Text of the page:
For almost half a century, American college basketball fans have spent innumerable hours poring over their NCAA March Madness brackets in an attempt to win cash and bragging rights over their co-workers. The tradition is tightly woven into the fabric of American culture, but its threads are tangled. For all their cultural significance, the official inventors of the March Madness office pool have never been honored for their contribution. What’s even stranger is that the people who probably did invent it haven’t bothered to fight for the title.
Over the years, only two parties have stepped forth as inventors of the college basketball pool.
The first is the community at Jody’s Club Forest, a Staten Island Irish bar:
Founded by Jody Haggerty, Jody’s is often cited as the first to set up a pool in 1977. It has since become notorious for running one of the largest and most lucrative pools in the United States, boasting 160,000 entries and a payout of $1.5 million in 2006.
As NCAA games glowed from rows of overhead TVs the Friday before Selection Sunday, Terence Haggerty, Jody’s son, leaned over the tavern’s wood-paneled bar and explained to Inverse that his father’s tournament pool was just “a neighborhood thing.”
The pool shut down in 2006 after scrutiny from the IRS. But the money was beside the point. It was, as Terence puts it, “just a couple people getting together — let’s do something fun.”
The first pool at Jody’s Club Forest, in 1977, cost $10 a pick. With a total of 88 bar-goers taking part, the inaugural pot was only $880.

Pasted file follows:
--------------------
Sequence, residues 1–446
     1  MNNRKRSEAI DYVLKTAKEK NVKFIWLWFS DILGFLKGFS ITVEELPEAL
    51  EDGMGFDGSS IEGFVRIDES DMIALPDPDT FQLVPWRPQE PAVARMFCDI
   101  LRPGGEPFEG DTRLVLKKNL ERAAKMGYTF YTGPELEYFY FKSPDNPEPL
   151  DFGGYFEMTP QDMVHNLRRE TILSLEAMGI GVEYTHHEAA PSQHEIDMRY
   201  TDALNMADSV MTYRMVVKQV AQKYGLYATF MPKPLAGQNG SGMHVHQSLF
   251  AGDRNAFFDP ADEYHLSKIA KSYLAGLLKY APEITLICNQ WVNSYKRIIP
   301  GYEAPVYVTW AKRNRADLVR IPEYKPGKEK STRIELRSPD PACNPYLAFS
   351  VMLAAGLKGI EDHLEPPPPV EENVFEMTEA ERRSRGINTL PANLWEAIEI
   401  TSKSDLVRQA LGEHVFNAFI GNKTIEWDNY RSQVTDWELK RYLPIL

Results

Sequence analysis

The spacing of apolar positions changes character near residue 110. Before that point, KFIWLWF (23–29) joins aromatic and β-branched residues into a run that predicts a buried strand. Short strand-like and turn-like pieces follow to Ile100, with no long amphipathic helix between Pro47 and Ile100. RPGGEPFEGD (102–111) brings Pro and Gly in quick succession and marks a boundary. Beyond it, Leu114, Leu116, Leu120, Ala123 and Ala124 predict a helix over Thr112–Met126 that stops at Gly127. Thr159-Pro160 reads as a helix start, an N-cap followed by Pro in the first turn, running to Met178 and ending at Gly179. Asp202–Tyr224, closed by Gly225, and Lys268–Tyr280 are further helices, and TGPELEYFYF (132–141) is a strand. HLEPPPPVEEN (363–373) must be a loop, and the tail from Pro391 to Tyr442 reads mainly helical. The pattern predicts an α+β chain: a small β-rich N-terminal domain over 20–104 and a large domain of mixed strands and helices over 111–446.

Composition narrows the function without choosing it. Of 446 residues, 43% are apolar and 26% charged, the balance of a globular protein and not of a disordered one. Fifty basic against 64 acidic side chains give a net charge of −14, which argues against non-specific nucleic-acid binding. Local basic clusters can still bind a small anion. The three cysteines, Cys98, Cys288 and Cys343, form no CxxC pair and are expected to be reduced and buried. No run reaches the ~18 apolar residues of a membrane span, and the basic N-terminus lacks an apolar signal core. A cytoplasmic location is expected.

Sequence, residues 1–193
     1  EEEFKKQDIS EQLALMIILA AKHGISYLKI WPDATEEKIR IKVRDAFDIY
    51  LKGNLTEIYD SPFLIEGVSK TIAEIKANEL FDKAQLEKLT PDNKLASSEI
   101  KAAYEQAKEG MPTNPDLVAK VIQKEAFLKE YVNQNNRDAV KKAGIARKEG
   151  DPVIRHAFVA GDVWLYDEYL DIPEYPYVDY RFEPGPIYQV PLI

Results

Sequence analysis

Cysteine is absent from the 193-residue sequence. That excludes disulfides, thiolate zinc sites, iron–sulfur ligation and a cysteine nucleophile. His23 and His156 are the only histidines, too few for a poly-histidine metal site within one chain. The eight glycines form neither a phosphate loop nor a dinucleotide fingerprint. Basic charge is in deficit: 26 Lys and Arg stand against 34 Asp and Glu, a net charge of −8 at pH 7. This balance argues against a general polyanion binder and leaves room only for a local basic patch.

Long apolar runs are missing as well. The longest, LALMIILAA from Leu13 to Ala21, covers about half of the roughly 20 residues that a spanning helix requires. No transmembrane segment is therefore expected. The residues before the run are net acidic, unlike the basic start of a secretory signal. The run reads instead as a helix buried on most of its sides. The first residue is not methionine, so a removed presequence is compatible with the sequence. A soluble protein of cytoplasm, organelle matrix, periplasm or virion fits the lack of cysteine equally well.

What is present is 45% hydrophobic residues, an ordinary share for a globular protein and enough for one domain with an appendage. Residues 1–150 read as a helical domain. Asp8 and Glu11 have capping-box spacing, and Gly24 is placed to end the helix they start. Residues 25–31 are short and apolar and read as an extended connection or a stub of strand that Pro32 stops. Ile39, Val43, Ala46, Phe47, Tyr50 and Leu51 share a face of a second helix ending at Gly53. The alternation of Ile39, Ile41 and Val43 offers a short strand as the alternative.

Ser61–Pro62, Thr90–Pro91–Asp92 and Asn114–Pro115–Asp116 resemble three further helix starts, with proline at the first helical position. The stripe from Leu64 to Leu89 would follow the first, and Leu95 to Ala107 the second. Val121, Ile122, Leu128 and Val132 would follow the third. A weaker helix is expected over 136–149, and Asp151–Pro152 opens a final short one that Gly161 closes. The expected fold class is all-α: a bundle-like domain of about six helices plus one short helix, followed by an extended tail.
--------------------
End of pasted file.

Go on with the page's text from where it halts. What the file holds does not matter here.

As the community grew over the years, recalls Terence, there was so much money being exchanged that his father recruited security guards and barred his teenage son from entering the basement where the money was counted. Over the years, as bets were placed and debts were collected, the March Madness pool turned the quiet bar into a scene resembling the raucous trading floor of the New York Stock Exchange.
Terence modestly praises his late father’s role in inventing one of America’s most beloved traditions. “I wouldn’t say he was the one who created the bracket, but he definitely helped make it what it is today,” he says.
But in the Seventies, the same tradition was evolving 640 miles away in Louisville, Kentucky.
The pot for Jody’s Forest Club’s NCAA pool in 2003 reached $762,000.
In March 1997, an article in the Louisville Courier-Journal by sports journalist Bob Hill described a strange letter that had come in the mail. In it, a U.S. Postal Service delivery analyst named Bob Stinson wrote that he became the first person to begin a truly sophisticated NCAA basketball office pool in 1978.
“He said he’d like to talk about the fact that he invented the pool,” said Hill, on the phone with Inverse from Hidden Hill, his flower-filled nursery and sculpture garden in Indiana. In his conversation with Stinson, who Inverse was unable to contact, Hill learned that Stinson created the pool to transform college wagering from a gamble based on sheer luck to one that actually rewarded knowledge of the tournament and sport.
“He was a thoughtful guy. He thought: ‘How can I make this better?’”
After all, before the pool was invented, prospective bettors simply picked a team at random and hoped for the best.
“I remember drawing names out of hats — nothing sophisticated as that,” says Hill. Stinson’s system would “allow a larger playoff would not limit entrants, and would sustain entrants until the last foul,” Hill wrote in his 1997 article.
Hill, now retired from journalism, still believes in Stinson’s claim. “It was a good tale. Nobody could refute it,” he says. “And to this day, as far as I know, nobody has — I don’t know how you would. Innocent until proven guilty, I guess.”
Hill has never heard of Jody’s Club Forest.